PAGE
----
It is not clear why convergence is slower in CC than in box simulations. In CC, convergence of mean precipitation coincides with convergence of the spatial distribution of rain. This may suggest that mean precipitation is dependent on the spatial distribution of droplet sizes, probably because of interaction between cells. However, in multi-box simulations we observe that intercell mixing helps reach convergence. Increasing the rate of intercell mixing in CC by using an SGS model does not help with convergence. This does not necessarily indicate that intercell mixing is not important for convergence in CC. It is possible that the increase in intercell mixing caused by the SGS model is small in relation to intercell mixing caused by resolved eddies and by sedimentation. Precipitation is sensitive to the super-droplet initialization procedure. In this study initial radii were almost evenly distributed on a logarithmic scale. If droplet radii are randomly drawn from the initial distribution, it is more difficult to reach convergence with NSD(bin), and using NSD(bin) that is too small induces larger errors. Note that the splitting–merging algorithm of Schwenkel et al. (2018), which was not included in this study, could help achieve convergence.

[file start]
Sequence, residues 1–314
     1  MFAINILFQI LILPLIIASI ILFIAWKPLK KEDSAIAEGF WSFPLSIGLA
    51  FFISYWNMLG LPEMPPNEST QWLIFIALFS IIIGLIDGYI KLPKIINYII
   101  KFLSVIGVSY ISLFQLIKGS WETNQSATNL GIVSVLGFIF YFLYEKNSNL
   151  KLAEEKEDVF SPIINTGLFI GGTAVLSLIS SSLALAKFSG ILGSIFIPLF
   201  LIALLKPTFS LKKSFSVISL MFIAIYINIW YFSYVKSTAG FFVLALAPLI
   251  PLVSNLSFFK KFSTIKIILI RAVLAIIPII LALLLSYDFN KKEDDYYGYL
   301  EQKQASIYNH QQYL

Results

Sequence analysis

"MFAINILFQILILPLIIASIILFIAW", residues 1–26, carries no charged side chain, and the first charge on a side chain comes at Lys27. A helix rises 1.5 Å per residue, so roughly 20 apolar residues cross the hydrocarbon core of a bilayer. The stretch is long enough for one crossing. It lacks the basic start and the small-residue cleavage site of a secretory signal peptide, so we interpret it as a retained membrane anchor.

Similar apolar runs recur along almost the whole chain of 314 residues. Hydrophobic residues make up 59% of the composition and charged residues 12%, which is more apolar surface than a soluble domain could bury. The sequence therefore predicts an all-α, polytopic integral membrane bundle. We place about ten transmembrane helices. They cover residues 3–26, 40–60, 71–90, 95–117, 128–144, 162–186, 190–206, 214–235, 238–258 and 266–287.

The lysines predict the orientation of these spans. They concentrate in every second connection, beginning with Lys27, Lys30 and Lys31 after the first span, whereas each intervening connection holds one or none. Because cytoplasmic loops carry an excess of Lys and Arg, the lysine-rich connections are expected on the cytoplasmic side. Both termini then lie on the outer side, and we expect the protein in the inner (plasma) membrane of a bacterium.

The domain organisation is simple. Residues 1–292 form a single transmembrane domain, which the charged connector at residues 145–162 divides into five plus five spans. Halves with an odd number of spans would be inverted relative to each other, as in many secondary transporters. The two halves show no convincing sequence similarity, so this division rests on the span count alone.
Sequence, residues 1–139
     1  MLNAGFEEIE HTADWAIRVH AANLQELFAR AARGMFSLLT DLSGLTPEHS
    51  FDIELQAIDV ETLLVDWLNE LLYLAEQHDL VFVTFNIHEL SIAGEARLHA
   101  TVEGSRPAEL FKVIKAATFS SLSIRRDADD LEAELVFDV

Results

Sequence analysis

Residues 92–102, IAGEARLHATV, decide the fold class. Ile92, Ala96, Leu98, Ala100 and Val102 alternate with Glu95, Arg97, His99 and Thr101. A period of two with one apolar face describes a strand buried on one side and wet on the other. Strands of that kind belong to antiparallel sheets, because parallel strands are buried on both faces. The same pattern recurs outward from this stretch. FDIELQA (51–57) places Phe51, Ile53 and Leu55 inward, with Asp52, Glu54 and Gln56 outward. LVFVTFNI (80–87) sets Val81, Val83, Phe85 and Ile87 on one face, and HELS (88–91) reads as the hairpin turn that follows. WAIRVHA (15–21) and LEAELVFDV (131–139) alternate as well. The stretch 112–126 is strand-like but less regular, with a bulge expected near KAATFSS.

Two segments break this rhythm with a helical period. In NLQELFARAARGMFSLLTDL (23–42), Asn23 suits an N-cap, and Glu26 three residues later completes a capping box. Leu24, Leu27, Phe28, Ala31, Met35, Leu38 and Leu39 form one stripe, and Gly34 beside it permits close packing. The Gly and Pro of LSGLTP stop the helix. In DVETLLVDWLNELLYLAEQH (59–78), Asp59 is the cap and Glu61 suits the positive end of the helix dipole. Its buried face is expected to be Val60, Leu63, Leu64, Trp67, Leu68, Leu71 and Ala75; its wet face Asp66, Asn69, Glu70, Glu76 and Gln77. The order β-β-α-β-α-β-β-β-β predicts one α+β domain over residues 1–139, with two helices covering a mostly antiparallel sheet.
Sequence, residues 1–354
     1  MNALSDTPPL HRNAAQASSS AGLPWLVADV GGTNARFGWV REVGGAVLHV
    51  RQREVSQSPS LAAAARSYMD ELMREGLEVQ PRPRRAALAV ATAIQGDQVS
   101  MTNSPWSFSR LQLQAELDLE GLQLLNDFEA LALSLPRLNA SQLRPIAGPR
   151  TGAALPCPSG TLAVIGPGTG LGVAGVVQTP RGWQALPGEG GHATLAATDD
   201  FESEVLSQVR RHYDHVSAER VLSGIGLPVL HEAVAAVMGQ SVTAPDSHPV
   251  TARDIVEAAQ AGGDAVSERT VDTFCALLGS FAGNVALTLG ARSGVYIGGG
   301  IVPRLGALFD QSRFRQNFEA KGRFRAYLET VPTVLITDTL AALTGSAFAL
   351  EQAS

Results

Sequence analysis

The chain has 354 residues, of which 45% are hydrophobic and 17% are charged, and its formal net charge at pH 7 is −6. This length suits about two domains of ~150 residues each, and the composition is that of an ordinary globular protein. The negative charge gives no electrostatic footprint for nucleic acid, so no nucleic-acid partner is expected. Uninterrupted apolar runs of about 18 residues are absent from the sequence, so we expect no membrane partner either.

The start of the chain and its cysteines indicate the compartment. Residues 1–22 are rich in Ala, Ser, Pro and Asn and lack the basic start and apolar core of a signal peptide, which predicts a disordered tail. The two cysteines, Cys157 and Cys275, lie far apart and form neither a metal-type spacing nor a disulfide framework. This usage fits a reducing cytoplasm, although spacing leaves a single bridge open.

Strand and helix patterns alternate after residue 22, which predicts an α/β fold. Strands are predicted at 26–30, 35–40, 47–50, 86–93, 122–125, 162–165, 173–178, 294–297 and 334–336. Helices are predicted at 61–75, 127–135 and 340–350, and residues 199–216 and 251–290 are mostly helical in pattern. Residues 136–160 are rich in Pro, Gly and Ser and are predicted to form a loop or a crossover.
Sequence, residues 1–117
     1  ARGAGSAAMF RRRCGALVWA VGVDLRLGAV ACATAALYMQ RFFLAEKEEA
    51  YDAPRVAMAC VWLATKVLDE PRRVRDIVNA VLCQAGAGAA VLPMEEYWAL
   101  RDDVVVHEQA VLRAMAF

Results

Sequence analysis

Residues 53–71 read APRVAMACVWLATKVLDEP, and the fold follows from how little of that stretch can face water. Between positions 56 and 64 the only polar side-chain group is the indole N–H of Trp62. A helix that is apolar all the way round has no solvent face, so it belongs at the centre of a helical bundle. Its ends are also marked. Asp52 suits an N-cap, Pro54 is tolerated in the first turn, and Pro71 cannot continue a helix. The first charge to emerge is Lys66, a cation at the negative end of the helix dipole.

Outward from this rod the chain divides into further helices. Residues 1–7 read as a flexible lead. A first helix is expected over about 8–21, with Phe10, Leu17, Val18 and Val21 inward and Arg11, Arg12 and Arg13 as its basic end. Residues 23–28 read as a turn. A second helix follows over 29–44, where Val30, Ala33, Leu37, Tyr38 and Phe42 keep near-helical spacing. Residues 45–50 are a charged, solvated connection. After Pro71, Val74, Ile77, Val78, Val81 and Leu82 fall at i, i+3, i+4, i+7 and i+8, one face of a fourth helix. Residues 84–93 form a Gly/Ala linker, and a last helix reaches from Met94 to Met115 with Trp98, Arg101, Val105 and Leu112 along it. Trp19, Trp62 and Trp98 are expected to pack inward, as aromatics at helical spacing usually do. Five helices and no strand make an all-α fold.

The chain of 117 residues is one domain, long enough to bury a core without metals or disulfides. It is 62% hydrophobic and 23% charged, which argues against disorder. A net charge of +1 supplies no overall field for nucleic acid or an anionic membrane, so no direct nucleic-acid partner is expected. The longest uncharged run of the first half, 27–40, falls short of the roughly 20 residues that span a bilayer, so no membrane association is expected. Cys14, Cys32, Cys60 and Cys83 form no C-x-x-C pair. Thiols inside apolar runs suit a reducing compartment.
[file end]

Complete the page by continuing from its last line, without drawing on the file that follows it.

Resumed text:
Variance of precipitation in an ensemble of cloud simulations decreases with NSD(bin), but only if the same flow field is used in the ensemble. If the flow field is different in different simulations, e.g., due to random perturbations of initial conditions, variance of precipitation is not sensitive to NSD(bin). This shows that in a typical LES, the increased variance in the number of collisions in particle microphysics does not affect variability in rain between simulation runs because differences in realized flow fields are more important.